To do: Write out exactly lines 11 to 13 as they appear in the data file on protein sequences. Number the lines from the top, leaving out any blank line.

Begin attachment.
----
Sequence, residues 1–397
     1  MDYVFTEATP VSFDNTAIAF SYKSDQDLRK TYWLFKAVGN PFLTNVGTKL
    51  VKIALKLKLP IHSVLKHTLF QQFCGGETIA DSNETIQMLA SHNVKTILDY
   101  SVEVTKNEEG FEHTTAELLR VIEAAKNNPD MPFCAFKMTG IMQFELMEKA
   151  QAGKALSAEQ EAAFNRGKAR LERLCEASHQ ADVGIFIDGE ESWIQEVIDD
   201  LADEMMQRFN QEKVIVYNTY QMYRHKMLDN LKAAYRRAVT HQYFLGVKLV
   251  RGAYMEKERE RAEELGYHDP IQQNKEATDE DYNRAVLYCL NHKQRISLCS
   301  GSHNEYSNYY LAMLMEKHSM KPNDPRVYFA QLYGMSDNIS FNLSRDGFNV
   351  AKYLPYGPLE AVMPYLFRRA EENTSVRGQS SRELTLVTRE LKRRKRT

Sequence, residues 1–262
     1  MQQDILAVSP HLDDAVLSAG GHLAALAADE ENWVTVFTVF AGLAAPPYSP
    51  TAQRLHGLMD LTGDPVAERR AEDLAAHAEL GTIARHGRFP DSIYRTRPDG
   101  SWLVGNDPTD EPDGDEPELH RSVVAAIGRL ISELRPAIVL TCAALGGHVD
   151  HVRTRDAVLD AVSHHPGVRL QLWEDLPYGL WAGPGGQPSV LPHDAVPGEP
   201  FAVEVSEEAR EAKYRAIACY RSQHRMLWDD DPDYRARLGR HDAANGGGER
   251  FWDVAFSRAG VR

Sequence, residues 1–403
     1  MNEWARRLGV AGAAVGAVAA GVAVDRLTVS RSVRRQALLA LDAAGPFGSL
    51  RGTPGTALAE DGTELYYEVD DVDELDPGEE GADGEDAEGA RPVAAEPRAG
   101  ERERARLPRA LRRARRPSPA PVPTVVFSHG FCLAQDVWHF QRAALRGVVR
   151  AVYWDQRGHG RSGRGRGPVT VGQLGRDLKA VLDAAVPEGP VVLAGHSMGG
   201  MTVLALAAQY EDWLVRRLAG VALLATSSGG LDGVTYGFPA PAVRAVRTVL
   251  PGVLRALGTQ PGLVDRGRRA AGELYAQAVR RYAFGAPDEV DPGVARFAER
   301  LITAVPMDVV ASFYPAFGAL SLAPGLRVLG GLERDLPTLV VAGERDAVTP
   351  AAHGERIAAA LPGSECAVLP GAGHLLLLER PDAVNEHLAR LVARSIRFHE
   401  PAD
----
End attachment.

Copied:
     1  MQQDILAVSP HLDDAVLSAG GHLAALAADE ENWVTVFTVF AGLAAPPYSP
    51  TAQRLHGLMD LTGDPVAERR AEDLAAHAEL GTIARHGRFP DSIYRTRPDG
   101  SWLVGNDPTD EPDGDEPELH RSVVAAIGRL ISELRPAIVL TCAALGGHVD